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Jaidyn Farar

Managing Your Supply Chain in Ecommerce

by Jaidyn Farar
Technology, supply chain, warehouse, modern

Ever heard the phrase “the weak link?” Well, in an ecommerce supply chain, just one weak link can spell disaster. When suppliers fall behind, fulfillment centers get overwhelmed, or carriers go on strike, the negative consequences spread like ripples in a pond. 

Fortunately, with careful planning and a solid strategy, you can manage your logistics effectively and keep disaster at bay. Let’s dive into the what, why, and how of ecommerce supply chains.

What is the ecommerce supply chain?

The ecommerce supply chain consists of a series of interconnected logistics processes including procurement, manufacturing, warehousing, inventory management, order management, delivery, and returns. 

Every person or business that helps create a product and get it to customers is part of the ecommerce supply chain. These moving parts can include:

  • Vendors and suppliers
  • Manufacturers
  • Wholesalers
  • Retailers
  • Transportation companies
  • Fulfillment centers
  • Third-party logistics providers

With a well-managed supply chain, your business will achieve two things. First, you’ll deliver high-quality products. Second—and just as importantly—you’ll give customers a top-notch buying experience that boosts loyalty and helps enhance your reputation.

What is ecommerce supply chain management?

Ecommerce supply chain management (SCM) is the control and coordination of the entire supply chain, and it includes all the processes involved in getting products from suppliers to customers. 

Some of the most important elements of supply chain management in ecommerce include planning, procurement, warehousing and inventory management, order management, distribution and delivery, and returns. Read on for a closer look at each one. 


Planning is the foundation of the ecommerce supply chain. It’s all about making sure that the right products are procured, warehoused, and distributed in the right quantities at the right time. When you plan effectively, you reduce costs and increase supply chain efficiency.

During the planning phase of supply chain management, you forecast demand—the amount of inventory customers will buy within a specific time frame—to determine supply, or the amount of inventory needed to meet demand. 

Demand forecasting starts with analyzing data to learn about customer preferences, market trends, and seasonal fluctuations your business has experienced in the past. Based on demand forecasts, you can make important decisions about supply: where to source products from, what supplier relationships to form, and what inventory levels to maintain. You can gather customer data from the following sources:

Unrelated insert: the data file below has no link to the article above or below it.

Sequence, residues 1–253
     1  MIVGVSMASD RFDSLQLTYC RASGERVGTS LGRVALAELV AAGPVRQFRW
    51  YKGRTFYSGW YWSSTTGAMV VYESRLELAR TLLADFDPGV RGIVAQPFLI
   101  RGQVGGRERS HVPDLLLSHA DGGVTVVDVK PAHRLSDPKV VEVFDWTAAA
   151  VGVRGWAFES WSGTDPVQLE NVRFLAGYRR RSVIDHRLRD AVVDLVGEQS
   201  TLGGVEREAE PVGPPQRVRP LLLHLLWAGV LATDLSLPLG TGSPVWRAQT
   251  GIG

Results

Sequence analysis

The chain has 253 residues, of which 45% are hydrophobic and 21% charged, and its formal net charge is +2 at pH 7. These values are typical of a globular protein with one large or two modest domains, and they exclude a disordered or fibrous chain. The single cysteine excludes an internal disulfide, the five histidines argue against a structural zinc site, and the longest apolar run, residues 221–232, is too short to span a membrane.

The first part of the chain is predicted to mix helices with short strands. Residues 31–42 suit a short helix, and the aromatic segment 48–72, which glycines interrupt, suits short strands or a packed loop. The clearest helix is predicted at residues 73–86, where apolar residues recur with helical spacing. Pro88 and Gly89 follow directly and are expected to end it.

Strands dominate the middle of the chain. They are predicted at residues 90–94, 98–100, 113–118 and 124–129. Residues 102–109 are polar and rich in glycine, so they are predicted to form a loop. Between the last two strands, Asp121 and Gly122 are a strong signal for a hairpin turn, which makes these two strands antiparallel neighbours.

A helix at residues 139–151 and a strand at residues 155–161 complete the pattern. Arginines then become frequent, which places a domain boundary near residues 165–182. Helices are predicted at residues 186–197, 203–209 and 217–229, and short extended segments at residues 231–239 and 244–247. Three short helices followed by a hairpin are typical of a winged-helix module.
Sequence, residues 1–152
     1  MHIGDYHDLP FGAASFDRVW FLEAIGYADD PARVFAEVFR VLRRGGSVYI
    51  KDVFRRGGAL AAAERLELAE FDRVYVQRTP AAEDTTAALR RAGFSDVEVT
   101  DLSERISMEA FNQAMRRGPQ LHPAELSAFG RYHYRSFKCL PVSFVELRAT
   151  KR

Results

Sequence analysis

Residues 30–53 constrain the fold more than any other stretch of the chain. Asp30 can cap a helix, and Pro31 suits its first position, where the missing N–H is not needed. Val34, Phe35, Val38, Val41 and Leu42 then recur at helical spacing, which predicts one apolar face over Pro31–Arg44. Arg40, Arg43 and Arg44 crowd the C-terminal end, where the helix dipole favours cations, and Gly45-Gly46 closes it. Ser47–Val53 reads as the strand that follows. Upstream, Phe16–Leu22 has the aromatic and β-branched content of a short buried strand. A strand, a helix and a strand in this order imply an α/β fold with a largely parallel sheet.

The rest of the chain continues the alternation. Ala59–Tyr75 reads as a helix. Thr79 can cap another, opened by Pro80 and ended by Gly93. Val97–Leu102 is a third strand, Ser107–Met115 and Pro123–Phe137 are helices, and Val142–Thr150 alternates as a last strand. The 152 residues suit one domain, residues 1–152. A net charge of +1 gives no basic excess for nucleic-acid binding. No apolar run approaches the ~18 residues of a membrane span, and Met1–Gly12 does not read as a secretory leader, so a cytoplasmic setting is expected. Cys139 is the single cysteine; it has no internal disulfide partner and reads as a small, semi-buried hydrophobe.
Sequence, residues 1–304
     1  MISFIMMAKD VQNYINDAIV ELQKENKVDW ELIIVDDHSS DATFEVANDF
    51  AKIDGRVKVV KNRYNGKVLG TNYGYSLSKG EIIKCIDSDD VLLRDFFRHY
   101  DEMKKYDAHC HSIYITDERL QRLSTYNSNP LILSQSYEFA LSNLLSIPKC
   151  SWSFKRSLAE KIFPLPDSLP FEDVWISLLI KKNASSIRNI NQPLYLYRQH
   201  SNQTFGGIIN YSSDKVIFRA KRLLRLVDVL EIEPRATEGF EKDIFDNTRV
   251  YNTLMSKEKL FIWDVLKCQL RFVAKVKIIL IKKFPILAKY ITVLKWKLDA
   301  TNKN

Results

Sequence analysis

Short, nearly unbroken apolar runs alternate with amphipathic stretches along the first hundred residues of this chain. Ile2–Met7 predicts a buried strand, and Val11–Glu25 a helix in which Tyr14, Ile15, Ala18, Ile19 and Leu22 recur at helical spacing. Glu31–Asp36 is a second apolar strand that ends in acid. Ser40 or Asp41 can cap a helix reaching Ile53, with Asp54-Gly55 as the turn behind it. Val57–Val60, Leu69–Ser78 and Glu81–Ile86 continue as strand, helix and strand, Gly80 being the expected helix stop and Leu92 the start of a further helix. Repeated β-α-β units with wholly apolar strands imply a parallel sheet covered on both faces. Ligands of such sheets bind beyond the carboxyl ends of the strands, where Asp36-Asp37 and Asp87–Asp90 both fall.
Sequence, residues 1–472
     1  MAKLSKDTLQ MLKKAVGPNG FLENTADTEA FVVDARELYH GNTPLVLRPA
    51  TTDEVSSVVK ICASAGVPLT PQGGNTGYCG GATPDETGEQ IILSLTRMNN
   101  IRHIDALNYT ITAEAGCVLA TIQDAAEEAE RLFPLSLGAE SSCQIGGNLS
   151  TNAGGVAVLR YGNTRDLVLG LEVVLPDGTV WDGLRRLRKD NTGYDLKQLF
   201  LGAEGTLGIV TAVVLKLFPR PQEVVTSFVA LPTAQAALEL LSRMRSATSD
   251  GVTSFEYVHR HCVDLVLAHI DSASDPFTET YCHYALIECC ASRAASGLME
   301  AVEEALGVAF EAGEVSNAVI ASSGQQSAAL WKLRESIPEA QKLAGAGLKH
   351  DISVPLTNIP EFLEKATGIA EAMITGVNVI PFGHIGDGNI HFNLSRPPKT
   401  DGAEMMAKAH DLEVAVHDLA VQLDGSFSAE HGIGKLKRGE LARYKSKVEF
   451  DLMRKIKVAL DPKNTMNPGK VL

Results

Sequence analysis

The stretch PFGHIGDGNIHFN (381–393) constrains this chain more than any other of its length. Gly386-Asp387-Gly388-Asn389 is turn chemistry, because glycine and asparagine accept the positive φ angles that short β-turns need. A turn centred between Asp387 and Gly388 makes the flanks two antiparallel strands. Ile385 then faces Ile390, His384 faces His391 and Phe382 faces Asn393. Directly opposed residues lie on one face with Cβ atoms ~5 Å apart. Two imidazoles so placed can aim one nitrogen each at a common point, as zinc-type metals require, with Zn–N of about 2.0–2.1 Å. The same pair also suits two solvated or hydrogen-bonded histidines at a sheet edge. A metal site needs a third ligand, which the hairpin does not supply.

• OMS (order management system)
  • WMS (warehouse management system)
  • POS (point of sale system)
  • CRM (customer relationship management) software
  • Market research

Sourcing and procurement

Before you can make a sale, you have to have a product. That’s where sourcing and procurement come in. The terms go hand-in-hand, but they have slightly different meanings. 

Sourcing means finding third-party vendors and suppliers who provide necessary products and services, while procurement refers to the larger process of negotiating contracts and maintaining relationships with these organizations. Sourcing is a subset of procurement.

During sourcing and procurement, you should be on the lookout for suppliers that can provide enough inventory to meet customer demand (as determined during the planning stage). And don’t forget to factor product quality into the mix.

Warehousing and inventory management 

Once products are procured, they’re stored in warehouses or fulfillment centers until it’s time to ship them to consumers. These facilities vary in size and complexity, but they often involve lots of components: workers, forklifts, shelves and bins, software, and sometimes even robotics. A warehouse management system can help keep things running smoothly in your warehouse.

Closely tied to warehousing, inventory management is all about having the right amount of inventory; not too much, and not too little. In order to maintain this delicate balance, you have to know how much inventory you have at any given time and the rate at which you expect it to sell out.